Generally, VCAT must start to hear an application to appoint a guardian or administrator within 30 days of receiving the application. In certain circumstances, VCAT may refer the application to a compulsory conference or mediation.
What do I do if I receive notice of a VCAT application?
If you have received notice of a VCAT application in respect of a family member or loved one, then you have the right to request information regarding the application from the parties to the proceeding.
You can also seek to be added to the proceeding as a party so that you will have a say in the outcome of the application.
What does VCAT consider in an application to appoint a guardian/administrator?
When considering whether to appoint a guardian/administrator, VCAT will apply the following test:
- Does the Vulnerable Person have a disability as defined by the Act?
- Does the application relate to personal or financial matters?
- Is the order necessary; ie, is there a need for the order?
After considering the test outlined above, VCAT may make the following orders:
- an order appointing a guardian or administrator;
- an order for a supportive guardianship or administrative order;
- an order declining to appoint a guardian or administrator.
A supportive guardianship or administrative order is a limited type of order that grants a person information powers (ie the power to collect, access and provide information) and communication powers (ie the power to communicate information for and on behalf of the Vulnerable Person). However, a supportive guardian or administrator cannot make significant financial transactions or personal decisions on behalf of a Vulnerable Person.
Can a Vulnerable Person commence/defend legal proceedings?
If a Vulnerable Person is involved in legal proceedings, then an administrator can be appointed and has the power to bring and defend a legal proceeding in the name of the Vulnerable Person.
As an example, if a Vulnerable Person has been excluded from a will of their parent, an administrator can be appointed by VCAT to commence a family provision claim against the estate on behalf of the Vulnerable Person.
If an administrator is appointed to commence or defend legal proceedings, then the legal costs are generally paid from the Vulnerable Person’s estate, subject to any other costs orders being made in the proceedings.
However, if an administrator or guardian has behaved unreasonably or negligently, then they may be personally responsible to pay for the costs of the proceedings.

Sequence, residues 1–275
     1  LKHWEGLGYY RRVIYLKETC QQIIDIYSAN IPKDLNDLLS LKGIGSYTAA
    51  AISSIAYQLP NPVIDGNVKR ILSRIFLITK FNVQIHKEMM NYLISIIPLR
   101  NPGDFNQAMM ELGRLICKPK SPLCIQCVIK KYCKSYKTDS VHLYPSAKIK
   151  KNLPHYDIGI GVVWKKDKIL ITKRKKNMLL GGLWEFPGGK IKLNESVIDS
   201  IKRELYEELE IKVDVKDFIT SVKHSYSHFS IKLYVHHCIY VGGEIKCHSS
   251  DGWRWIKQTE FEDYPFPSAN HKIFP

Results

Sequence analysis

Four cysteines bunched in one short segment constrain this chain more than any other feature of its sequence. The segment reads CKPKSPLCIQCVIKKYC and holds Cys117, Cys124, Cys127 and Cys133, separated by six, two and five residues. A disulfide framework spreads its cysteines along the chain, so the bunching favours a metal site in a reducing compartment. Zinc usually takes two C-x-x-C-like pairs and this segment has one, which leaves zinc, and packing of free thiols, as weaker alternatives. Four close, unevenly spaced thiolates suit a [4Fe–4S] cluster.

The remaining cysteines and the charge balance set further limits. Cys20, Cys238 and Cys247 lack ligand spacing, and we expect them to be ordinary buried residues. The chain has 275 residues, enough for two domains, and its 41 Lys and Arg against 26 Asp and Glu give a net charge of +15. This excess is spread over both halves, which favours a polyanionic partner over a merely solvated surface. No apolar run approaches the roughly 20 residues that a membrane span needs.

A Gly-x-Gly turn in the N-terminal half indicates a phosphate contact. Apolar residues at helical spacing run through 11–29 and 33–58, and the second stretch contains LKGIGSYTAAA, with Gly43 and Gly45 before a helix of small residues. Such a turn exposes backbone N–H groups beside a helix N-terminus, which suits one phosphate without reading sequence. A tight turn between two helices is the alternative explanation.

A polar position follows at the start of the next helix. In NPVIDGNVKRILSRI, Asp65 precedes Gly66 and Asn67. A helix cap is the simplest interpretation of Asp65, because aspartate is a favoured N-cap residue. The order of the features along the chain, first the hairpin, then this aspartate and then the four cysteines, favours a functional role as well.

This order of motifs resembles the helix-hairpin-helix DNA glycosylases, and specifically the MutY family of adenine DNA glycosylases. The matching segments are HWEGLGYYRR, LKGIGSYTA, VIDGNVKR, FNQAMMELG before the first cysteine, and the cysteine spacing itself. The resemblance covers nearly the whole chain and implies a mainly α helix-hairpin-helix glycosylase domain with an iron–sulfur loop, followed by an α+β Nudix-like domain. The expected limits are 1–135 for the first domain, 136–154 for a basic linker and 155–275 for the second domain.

What can I do if I am unsure about making a financial decision as an administrator?
An administrator or guardian can apply to VCAT for advice regarding the scope of their administration order or the exercise of any powers as administrator.
For example, an administrator can apply to VCAT for advice as to whether:
- they can sell the Vulnerable Person’s property / purchase a new one;
- they can take certain steps to address the Vulnerable Person’s needs;
- existing financial arrangements with family members should continue/cease.
Before obtaining advice from VCAT, it may be prudent for an administrator to obtain professional advice from a financial adviser. The costs to obtain such advice can be paid from the Vulnerable Person’s assets.
What are some common mistakes made by administrators?
Being appointed as an administrator is an incredibly important role and imparts very strict obligations on the decision-maker to act in the best interests of the Vulnerable Person.
Examples of serious mistakes commonly made by administrators include:
- entering into conflict transactions – eg using the Vulnerable Person’s funds to purchase a car in the administrator’s name, the car being used to transport the Vulnerable Person. This example is a conflict transaction because the administrator has used the Vulnerable Person’s money to purchase an asset that is ultimately for their own benefit.
- failing to keep accurate records – eg purchasing groceries for the Vulnerable Person using their funds, but failing to keep a receipt of the items purchased. If an administrator is purchasing items for a Vulnerable Person, they must always keep records of the funds expended.
- failing to keep property separate – eg combining your own personal funds with funds of the Vulnerable Person. It is important to keep the property belonging to a Vulnerable Person separate to ensure that their funds are being used for their sole benefit.
What can I do if a guardian/administrator has caused loss to a Vulnerable Person?
If a Vulnerable Person has suffered a loss as a result of a guardian or administrator’s conduct, then it is possible to apply to VCAT or the Supreme Court of Victoria for compensation.
As an example, if an administrator has misappropriated funds from a Vulnerable Person’s bank account and used the funds for their own benefit, then it is possible to file a claim for compensation.
A claim for compensation can be made by the following people:
- the Vulnerable Person;
- the personal representative of a Vulnerable Person’s estate;
- the nearest relative of the Vulnerable Person;
- any other person determined by the Supreme Court or VCAT as having a special interest in the affairs of the Vulnerable Person.
If you need to consider the appointment of a guardian or administrator on behalf of a loved one or have concerns about the conduct of a guardian or administrator, then you should contact our Wills & Estates team to discuss how we can help.